Friday, December 29, 2017

Book Review: Everyday History by Alice Archer

Everyday History
Headstrong Ruben Harper has yet to meet an obstacle he can’t convert to a speed bump. He’s used to getting what he wants from girls, but when he develops a fascination for a man, his wooing skills require an upgrade. After months of persuasion, he scores a dinner date with Henry Normand that morphs into an intense weekend. The unexpected depth of their connection scares Ruben into fleeing.

Shy, cautious Henry, Ruben’s former high school history teacher, suspects he needs a wake-up call, and Ruben appears to be his siren. But when Ruben bolts, Henry is left struggling to find closure. Inspired by his conversations with Ruben, Henry begins to write articles about the memories stored in everyday objects. The articles seduce Ruben with details from their weekend together and trigger feelings too strong to avoid. As Henry’s snowballing fame takes him out of town and further out of touch, Ruben stretches to close the gaps that separate them.

Jewel's rating:

All. The. Stars!!!!!

​History.​ It's a subject I often dreaded in school, but learned to appreciate later.​ ​When I was in school, history usually ​meant facts and dates about important events from long ago. Things that if taught properly, take on a life of their own in the mind of the teacher and the student. And if not, they're flat and boring things with no real context. Forgotten as soon as they're no longer needed.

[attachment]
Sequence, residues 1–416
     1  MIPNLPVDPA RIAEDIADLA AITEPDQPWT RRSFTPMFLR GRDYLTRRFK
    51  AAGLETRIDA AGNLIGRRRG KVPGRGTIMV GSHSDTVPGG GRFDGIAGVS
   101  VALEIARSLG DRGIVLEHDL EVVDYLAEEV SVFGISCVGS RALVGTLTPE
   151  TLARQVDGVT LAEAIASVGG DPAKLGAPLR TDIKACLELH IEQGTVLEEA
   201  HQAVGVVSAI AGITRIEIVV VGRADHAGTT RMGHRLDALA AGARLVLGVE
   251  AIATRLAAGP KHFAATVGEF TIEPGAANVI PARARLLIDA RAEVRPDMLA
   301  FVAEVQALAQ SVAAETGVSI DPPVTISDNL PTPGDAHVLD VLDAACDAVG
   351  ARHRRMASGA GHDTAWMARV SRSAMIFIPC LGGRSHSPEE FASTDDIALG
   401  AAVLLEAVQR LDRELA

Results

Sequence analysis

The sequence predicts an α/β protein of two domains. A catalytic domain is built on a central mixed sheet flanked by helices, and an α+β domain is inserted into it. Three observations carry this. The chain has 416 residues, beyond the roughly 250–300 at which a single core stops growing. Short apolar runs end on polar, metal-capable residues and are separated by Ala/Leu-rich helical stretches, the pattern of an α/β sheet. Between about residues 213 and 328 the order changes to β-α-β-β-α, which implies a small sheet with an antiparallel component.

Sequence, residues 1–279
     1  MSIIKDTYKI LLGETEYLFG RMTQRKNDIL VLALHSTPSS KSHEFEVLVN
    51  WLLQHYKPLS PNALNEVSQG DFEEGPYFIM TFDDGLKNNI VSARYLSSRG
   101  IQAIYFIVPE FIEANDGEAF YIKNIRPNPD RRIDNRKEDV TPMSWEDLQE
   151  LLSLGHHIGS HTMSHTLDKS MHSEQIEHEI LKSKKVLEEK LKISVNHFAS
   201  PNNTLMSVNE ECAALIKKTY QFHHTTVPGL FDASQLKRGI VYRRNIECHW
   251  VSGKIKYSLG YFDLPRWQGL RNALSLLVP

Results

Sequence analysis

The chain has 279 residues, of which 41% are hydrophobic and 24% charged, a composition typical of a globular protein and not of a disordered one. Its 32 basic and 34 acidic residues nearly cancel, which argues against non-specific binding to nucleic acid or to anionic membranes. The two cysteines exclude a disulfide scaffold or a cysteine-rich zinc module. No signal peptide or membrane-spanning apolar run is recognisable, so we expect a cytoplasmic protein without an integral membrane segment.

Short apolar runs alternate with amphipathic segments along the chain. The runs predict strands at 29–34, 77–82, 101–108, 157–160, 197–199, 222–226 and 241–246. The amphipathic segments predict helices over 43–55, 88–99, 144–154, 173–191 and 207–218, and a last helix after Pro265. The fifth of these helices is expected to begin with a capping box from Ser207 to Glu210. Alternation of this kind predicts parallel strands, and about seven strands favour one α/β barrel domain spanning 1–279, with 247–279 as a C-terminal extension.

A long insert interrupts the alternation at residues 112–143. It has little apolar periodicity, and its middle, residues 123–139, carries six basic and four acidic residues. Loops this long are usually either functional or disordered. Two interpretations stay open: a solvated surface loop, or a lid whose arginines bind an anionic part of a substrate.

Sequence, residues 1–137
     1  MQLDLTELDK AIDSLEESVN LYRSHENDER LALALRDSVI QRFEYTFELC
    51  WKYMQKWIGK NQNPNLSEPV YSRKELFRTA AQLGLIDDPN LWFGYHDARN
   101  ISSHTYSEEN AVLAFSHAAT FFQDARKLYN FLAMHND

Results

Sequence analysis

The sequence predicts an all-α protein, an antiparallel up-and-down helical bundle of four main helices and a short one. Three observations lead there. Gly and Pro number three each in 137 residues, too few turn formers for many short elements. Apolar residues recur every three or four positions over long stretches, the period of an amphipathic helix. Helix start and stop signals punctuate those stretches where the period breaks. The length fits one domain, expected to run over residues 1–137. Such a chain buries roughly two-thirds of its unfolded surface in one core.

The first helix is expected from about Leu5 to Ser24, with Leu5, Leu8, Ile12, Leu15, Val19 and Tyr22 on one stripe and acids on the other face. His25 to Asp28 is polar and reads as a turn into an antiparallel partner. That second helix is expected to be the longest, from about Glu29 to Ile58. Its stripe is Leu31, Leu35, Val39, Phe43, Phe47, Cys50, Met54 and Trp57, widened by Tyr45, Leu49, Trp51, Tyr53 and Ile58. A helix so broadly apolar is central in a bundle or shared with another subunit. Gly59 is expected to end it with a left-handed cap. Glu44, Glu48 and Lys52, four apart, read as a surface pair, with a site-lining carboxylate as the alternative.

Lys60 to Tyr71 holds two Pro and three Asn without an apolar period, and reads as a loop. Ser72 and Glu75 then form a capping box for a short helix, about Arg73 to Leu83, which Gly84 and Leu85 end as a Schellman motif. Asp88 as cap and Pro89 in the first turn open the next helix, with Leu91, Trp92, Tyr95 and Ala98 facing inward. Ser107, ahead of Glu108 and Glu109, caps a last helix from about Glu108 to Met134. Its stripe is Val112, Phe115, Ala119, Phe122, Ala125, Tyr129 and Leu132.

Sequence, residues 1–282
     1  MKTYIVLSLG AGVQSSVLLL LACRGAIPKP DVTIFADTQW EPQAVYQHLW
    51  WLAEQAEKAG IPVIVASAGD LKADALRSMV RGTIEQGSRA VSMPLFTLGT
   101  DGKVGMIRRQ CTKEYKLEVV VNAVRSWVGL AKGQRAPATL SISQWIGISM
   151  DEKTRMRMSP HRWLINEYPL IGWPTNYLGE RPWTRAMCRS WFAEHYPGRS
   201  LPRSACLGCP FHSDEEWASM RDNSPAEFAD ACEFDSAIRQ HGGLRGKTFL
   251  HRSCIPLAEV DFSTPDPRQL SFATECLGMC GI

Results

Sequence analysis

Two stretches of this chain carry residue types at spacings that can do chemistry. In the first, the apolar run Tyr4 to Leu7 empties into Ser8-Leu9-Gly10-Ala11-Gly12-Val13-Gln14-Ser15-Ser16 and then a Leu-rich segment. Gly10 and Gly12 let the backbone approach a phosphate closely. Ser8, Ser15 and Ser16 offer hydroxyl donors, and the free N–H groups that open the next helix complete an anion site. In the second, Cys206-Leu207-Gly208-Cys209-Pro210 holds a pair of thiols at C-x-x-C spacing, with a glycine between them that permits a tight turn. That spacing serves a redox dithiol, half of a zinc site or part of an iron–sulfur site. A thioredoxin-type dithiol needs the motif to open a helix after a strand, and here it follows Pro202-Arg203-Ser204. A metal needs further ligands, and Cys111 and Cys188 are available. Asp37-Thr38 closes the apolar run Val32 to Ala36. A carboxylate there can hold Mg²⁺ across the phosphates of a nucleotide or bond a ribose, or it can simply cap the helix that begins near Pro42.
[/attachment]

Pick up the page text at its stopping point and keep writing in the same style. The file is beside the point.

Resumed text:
But, really, everything around us has a ​story to tell. A history. ​Everyday history of everyday objects tells us the story of us. And ​​Everyday History is gorgeous and poignant and brilliantly written and the ​story of Henry and Reuben comes alive in ways that stories don't often accomplish.

Henry​ Normand​ is​ more than​ a teacher of history. ​He's private, complex and when he feels, he feels with his entire being. ​As he teaches each new batch of interns at the museum where he curates, he instills both an admiration and a passion for not just the facts of the past, but the context in which they happened. He's exactly the kind o​f​ teacher I always wanted and seldom got. He brings his subject matter alive for his students.

Henry's own history is something he keeps to himself. Fear of rejection and shame for things that were not his doing has kept Henry from giving himself completely to anyone. Trust does not come easily to Henry, but if anyone deserves to be loved wholly, it is Henry.

Reuben​ Harper​ is one of Henry's students. Young, passionate, charismatic​, popular. Through Henry's teaching, Reuben discovers he has developed not just a love of history, but a major crush as well -- Reuben's first crush on a man. That Reuben wanted Henry was never in doubt, but he's so young and just discovering himself. I found Reuben to be honest, insightful, and thoughtful, but he was also so new to discovering his attraction to men and so was not ready to commit.

​When my friends recommended ​Everyday History to me, I had no idea it would grab onto my soul quite as firmly as it did. No idea that it would become one of my favorite books. No idea what it would mean to me. But it did all of those things and I want everyone to read it!

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Happy reading!

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